To list all of the failings of “License to Wed” would require far too much of an effort than I am willing to give to a film that I would give very much to forget that I ever saw, so I will merely hone in on a few of the key flaws. The first, and most glaring, is the unavoidable fact that Reverend Frank, instead of being the daringly delightful cut-up that he was presumably designed to be, is one of the most irritating movie characters to grace the screen in a long time. He is an overbearing twerp who has apparently let the power of his collar go to his–this might have been funny if the film realized that he was an obnoxious monster and went from there but it seems as serenely convinced about his alleged charm and whimsy as he clearly is. Then there is the fact that everyone in the film, save for Ben (who tries to “expose” the man in the most inept ways imaginable), seems to think that Reverend Frank is an utter delight, a reaction that only serves to underscore my suspicion that all of the characters have had their brains replaced with bacon bits.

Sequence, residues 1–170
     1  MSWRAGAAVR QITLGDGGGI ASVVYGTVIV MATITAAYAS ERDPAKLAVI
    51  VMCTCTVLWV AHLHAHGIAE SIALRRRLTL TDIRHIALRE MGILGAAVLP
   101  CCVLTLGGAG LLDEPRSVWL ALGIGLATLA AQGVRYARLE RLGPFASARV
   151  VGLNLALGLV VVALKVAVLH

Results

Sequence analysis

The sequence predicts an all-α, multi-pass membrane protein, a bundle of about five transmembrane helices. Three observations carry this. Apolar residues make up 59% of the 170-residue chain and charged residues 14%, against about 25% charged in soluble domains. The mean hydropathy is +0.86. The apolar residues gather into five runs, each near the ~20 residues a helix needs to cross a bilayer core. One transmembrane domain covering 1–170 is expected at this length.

As for that fabled “Office” connection–the very aspect that I was basing all my hopes for the film upon–it turns out to be a big, fat zero as well. Instead of demonstrating anything resembling wit, the screenplay (written, I hasten to add, by people who have never written, or perhaps even watched, “The Office”) aims for laughs by having Sadie’s wedding ring accidentally inscribed with the word “fart” or having Reverend Frank attend a wine-and-cheese reception and say “Praise Gouda!” Instead of allowing Krasinski to demonstrate the sleepy charm that he displays on the show every week, the film turns him into a pathetic Ben Stiller clone. Instead of letting the other “Office” castmates show off their comedic chops, they are given hacky bits of schtick that even the lowliest day player would be mortified to enact. And not only does Kwapis never show the flair for droll comedy that he does so effortlessly on the show, he makes the entire film look and sound like the kind of hacky sitcom that “The Office” stands as a rebuke to week after week.How does a film as awful as “License to Wed” manage to make it through the apparatus of contemporary studio filmmaking in the first place? At some point during its evolution, didn’t one person have the nerve to speak out and say that there was absolutely nothing in it of any comedic value? Once they received the final version of the film, wasn’t there one brave soul at the studio with the guts to recognize that it was a disaster and suggest that it might be better off for all concerned if it were placed on a shelf and hidden away from view for a long, long time (or at least until January, when most studio misfires are usually dumped on an increasingly suspecting public)? Well, evidently not and the proof of that can now be seen in your local theater and let me tell you–“License to Wed” is so awful that if I had to choose between sitting through it or “RV” again, I would actually have to sit and think about it for a while and perhaps even ask if “Transformers” could be offered as a third option.